Strike averted in Brazilian soccer league after deal struck
SAO PAULO (AP) -- Brazilian players on Friday decided not to go on strike this weekend after a club reached a deal with its squad over outstanding payments.
In the latest attempt to improve conditions for footballers in Brazil, players had threatened not to play the second-to-last round of the Brazilian league in solidarity with colleagues at last-place Nautico, who said they were not being paid.
The players leading the ''Common Sense FC'' movement had said no one would enter the field in the 10 league matches this weekend unless Nautico paid what it allegedly owes its players.
Club officials, who deny they owe salaries but admit some image rights payments are behind schedule, announced via Twitter that they reached a deal with players to pay them by Dec. 9.
Cruzeiro has already secured the title, but the last two rounds are decisive for teams trying to avoid relegation and secure a place in next year's Copa Libertadores. Nautico has already been relegated.
The unprecedented players' movement has been growing in recent weeks with protests at the start of matches, mainly aimed at forcing the national federation to changing the playing schedule and reducing the number of games played each year.
In recent weeks, players first stood on the pitch with their arms crossed at the start of games. Last week, they sat on the ground and crossed their arms before the initial whistle.
But an all-out strike would take the protests to a whole new level.
The movement also seeks adequate vacation time, longer preseasons, more influence in major decisions and for clubs to face harsher punishments if they fail to pay players on time. Delays in salary payments are common in Brazilian football, even in some of the country's most traditional and popular clubs.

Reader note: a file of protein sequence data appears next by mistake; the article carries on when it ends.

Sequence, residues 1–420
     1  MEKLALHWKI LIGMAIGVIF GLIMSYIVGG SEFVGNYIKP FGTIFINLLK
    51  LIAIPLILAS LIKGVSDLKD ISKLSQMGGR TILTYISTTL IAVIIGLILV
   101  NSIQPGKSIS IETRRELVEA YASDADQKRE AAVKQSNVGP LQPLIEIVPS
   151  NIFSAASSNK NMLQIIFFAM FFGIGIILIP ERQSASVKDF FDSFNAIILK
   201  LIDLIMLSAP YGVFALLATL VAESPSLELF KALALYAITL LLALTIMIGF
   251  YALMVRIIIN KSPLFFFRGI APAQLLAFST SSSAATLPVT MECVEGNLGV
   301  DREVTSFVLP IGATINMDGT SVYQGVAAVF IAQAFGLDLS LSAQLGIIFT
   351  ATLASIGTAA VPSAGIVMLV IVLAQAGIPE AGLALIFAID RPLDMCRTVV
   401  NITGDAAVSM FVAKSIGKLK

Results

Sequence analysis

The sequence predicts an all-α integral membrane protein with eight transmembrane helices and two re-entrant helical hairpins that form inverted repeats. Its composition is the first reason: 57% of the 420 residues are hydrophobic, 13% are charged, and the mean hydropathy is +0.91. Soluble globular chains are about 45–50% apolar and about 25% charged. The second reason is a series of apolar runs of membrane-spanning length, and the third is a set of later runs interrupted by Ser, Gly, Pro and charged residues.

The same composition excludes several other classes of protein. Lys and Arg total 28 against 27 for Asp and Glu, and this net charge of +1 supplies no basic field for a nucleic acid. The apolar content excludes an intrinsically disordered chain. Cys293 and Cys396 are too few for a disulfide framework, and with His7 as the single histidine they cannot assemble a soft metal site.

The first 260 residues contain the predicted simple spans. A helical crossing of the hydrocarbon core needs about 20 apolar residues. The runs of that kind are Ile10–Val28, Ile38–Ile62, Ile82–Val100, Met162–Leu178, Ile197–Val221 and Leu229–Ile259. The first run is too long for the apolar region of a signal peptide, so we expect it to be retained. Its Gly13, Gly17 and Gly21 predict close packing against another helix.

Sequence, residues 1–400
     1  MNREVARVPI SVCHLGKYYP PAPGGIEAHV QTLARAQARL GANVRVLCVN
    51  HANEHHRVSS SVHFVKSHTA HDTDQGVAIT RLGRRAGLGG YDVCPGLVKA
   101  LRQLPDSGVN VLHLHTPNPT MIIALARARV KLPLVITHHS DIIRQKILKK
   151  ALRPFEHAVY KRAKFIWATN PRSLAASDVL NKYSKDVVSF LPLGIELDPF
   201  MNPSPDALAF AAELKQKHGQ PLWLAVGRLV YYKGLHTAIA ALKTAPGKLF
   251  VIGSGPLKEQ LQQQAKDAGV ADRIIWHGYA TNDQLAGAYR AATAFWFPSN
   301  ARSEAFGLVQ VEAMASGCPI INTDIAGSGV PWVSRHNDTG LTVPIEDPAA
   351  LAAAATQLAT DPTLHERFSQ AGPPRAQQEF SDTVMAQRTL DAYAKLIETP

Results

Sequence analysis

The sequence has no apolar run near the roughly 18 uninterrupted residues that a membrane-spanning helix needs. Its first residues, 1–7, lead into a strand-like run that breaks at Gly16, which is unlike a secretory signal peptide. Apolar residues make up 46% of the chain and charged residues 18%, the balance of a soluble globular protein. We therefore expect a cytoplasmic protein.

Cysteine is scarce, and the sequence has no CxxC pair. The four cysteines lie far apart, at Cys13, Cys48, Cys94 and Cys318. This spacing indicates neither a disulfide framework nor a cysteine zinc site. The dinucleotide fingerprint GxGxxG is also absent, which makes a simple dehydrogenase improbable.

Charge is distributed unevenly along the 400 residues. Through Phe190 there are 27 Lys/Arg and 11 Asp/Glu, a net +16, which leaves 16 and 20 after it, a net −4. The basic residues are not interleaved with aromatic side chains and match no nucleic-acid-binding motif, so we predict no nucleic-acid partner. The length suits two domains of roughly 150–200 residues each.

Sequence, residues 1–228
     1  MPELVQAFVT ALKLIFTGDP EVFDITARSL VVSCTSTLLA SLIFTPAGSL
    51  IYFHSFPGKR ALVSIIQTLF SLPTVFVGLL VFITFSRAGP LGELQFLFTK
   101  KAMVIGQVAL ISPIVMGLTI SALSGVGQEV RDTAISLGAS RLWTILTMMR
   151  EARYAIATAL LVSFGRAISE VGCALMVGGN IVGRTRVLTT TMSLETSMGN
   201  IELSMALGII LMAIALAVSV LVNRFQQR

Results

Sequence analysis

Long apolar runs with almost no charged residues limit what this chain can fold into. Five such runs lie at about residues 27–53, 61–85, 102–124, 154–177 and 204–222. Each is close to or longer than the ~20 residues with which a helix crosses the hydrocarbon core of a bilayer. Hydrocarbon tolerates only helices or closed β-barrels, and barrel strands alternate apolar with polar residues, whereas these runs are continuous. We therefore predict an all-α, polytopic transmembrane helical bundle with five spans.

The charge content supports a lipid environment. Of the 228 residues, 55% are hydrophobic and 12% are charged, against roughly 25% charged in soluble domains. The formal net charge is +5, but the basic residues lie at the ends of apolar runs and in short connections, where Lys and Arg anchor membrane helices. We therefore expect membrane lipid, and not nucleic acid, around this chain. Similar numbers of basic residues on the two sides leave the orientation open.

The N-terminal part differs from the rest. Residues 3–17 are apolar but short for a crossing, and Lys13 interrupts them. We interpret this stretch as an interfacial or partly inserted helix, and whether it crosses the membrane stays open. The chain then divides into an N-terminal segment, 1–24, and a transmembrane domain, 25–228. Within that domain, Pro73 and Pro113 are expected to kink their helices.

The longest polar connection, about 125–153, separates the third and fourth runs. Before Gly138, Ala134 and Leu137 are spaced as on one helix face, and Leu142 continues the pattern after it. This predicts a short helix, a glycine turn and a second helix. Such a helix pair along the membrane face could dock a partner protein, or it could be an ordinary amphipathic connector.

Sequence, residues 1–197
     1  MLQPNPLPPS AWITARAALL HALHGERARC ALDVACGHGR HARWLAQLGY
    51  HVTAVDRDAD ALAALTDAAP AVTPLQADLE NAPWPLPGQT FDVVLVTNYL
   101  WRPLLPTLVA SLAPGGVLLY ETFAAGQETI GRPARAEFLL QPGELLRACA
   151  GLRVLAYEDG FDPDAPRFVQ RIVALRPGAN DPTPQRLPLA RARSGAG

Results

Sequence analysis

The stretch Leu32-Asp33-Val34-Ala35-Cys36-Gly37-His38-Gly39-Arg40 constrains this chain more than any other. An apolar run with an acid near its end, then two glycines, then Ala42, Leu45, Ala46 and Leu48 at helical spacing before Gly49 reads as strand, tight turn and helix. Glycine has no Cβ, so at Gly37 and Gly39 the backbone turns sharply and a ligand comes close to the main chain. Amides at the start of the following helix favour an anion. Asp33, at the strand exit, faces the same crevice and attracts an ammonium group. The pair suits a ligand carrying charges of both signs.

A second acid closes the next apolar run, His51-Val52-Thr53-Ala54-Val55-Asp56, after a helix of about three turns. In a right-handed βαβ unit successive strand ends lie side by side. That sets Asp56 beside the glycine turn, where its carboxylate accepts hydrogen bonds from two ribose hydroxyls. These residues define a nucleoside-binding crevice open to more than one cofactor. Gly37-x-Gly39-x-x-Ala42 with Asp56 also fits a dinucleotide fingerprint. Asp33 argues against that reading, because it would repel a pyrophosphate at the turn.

''There will not be a strike during this round,'' the Common Sense movement said in a statement. ''But we will continue our demonstrations until we reach our goals.''
Nautico players on Thursday called media outlets to say they were not getting paid on time and would not practice or play until the issue was resolved. A few hours later, the Common Sense movement issued a statement showing its support.
''(Nautico) players want what is fair,'' it said. ''If there is any retaliation to the players and if the payment is not made, the first division of the Brazilian league will be IMMEDIATELY stopped.''
Nautico players also complained that the team was refusing to pay players who were injured, but team president Paulo Wanderley denied any wrongdoing and said he had already told players that what is owed in image rights would be paid early in December.
''The delay in the payment of image rights of eight players does not justify the players' lack of professionalism and passion on and off the field,'' Nautico said in a statement Friday.
Wanderley said he was prepared to use youth squads to play the team's match against Vasco da Gama on Saturday if the players refused to play.
''They shouldn't be complaining, they should be playing,'' Wanderley said.
Nautico, one of the most traditional clubs in northeastern Brazil, has lost 11 matches in a row entering the last two rounds.
''If it's to improve our football, then I think it's time to take a strong stance,'' Nautico coach Marcelo Martelotte told ESPN Brazil. ''But it has to be clear that what is happening now is not exclusive to Nautico. It happens everywhere. We know there are teams from the first division that are having even more financial difficulties than Nautico.''
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